Authors: O. Matuka, T. Singh, E. Bryce, A. Yassi, O. Kgasha, M. Zungu, K. Kyaw, M. Malotle, K. Renton, L. O\’Hara
Source: Journal Of Hospital Infection Vol 87, Issue 3, Pages 192-196
Background: Airborne transmission of Mycobacterium tuberculosis remains an occupational health hazard, particularly in crowded and resource-limited healthcare settings.
Aim: To quantify airborne M. tuberculosis in a busy outpatient clinic in Gauteng, South Africa.
Methods: Stationary air samples and samples from healthcare workers (HCWs) were collected in the polyclinic and administrative block. Quantitative real-time polymerase chain reaction (PCR) was used to detect airborne M. tuberculosis. Walkthrough observations and work practices of HCWs were also recorded.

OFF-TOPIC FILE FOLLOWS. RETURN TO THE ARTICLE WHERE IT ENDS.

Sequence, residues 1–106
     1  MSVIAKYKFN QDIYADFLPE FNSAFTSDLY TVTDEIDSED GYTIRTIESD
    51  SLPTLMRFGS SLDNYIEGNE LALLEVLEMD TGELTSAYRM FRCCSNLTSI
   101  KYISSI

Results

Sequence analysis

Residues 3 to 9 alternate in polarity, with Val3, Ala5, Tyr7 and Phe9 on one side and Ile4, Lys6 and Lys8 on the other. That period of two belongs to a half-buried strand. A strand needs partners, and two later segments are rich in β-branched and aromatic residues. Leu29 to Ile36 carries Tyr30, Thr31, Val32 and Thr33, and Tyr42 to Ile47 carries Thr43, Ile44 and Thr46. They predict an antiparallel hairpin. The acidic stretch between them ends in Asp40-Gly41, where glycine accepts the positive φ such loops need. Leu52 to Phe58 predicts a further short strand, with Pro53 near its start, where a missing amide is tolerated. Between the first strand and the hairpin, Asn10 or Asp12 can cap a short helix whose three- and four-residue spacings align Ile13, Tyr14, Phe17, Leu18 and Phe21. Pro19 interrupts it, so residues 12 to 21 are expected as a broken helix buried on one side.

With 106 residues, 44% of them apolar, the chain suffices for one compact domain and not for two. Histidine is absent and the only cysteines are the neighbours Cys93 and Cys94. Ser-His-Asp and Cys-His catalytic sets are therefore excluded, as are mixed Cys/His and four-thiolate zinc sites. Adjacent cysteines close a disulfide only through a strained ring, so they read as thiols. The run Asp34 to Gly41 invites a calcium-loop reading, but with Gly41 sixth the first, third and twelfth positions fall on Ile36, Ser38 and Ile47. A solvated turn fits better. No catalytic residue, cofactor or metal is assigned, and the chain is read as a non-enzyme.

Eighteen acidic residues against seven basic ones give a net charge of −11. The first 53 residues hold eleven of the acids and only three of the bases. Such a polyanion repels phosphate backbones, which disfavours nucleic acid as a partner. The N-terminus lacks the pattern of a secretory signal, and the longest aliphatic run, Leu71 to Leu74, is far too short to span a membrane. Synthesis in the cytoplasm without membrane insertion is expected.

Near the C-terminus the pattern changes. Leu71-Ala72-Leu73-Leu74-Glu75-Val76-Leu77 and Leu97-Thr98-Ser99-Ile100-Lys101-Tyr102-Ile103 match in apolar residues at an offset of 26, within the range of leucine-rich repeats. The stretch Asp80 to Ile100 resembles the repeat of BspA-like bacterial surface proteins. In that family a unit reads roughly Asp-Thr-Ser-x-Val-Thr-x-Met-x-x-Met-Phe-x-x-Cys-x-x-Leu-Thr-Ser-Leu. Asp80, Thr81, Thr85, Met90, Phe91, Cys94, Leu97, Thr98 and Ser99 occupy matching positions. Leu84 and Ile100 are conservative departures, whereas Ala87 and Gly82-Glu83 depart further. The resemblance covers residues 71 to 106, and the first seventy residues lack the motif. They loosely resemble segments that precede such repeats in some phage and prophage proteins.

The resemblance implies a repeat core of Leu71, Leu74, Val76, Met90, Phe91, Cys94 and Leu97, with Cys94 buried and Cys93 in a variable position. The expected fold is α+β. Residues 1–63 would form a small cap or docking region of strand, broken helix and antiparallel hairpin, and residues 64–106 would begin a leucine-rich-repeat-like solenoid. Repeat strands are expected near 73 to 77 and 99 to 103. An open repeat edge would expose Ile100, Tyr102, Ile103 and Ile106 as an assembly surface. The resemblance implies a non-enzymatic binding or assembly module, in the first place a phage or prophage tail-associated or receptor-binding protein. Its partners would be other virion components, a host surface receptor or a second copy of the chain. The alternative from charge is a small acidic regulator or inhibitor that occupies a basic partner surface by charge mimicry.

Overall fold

Findings: In total, M. tuberculosis was detected in 11 of 49 (22.4%) samples: nine of 25 (36%) HCW samples and two of 24 (8.3%) stationary air samples. Samples from five of 10 medical officers (50%) and three of 13 nurses (23%) were positive. Repeat measurements on different days showed variable results. Most of the HCWs (87.5%) with positive results had been in contact with coughing patients and had not worn respiratory masks despite training.
Conclusion: The use of air sampling coupled with quantitative real-time PCR is a simple and effective tool to demonstrate the risk of M. tuberculosis exposure. The findings provide an impetus for hospital management to strengthen infection prevention and control measures for tuberculos.
Keywords: Tuberculosis, Healthcare workers, Infection prevention and control, Occupational exposure, Air sampling, Polymerase chain reaction